9/1027. diagnosis of MCA-occlusion and monitoring of systemic thrombolytic therapy with contrast enhanced transcranial duplex-sonography.

    A case of a successful systemic thrombolysis of an acute middle carotid artery occlusion is reported. The case underlines the role of contrast-enhanced transcranial color-coded duplex sonography as a noninvasive technique for rapid diagnosis of vessel occlusion in acute stroke. The diagnostic potential of transcranial color-coded duplex sonography for indication and monitoring of intravenous systemic thrombolytic therapy is demonstrated. ( info)

10/1027. Reversible cerebral ischemia in patients with pheochromocytoma.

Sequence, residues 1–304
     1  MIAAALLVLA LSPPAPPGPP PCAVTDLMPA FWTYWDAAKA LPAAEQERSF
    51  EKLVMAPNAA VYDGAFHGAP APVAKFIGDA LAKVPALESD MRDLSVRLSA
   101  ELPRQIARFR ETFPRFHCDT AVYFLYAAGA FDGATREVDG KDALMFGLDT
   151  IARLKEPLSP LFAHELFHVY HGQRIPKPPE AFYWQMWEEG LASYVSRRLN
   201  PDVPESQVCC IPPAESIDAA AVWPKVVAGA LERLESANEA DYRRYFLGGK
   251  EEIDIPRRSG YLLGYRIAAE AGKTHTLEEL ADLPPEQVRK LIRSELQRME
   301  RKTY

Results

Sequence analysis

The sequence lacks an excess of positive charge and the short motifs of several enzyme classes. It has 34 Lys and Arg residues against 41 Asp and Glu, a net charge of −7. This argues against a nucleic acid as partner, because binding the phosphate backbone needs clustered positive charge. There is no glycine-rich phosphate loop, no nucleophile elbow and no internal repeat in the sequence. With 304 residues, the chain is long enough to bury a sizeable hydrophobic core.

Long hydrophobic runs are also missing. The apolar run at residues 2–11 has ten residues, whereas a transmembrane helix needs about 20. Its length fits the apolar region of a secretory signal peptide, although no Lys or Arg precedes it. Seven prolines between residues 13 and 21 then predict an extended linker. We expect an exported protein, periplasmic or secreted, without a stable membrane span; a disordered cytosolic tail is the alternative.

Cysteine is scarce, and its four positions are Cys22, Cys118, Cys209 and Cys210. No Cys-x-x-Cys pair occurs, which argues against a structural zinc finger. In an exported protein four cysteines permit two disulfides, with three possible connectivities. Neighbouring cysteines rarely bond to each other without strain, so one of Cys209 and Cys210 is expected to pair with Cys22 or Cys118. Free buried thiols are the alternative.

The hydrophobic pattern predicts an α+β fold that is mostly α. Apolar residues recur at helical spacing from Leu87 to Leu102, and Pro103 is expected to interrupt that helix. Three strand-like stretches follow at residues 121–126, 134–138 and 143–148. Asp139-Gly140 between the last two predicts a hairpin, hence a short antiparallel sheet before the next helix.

Cerebral ischemia and symptoms of stroke can occur as a rare manifestation in patients with pheochromocytoma. We describe a 45-year-old woman who was admitted because of a right-sided hemiparesis due to an ischemic lesion in the left hypothalamus. The clinical diagnosis of a pheochromocytoma was proven by highly elevated urinary catecholamines and confirmed histologically after operation. The successful removal of the tumor led to the almost complete recovery of the neurological deficiencies. It is of vital importance to know this atypical presentation of pheochromocytoma. The diagnosis of pheochromocytoma should be suspected in patients with focal cerebral symptoms, particularly in the presence of intermittent hypertension or other paroxysmal symptoms suggestive of pheochromocytoma. ( info)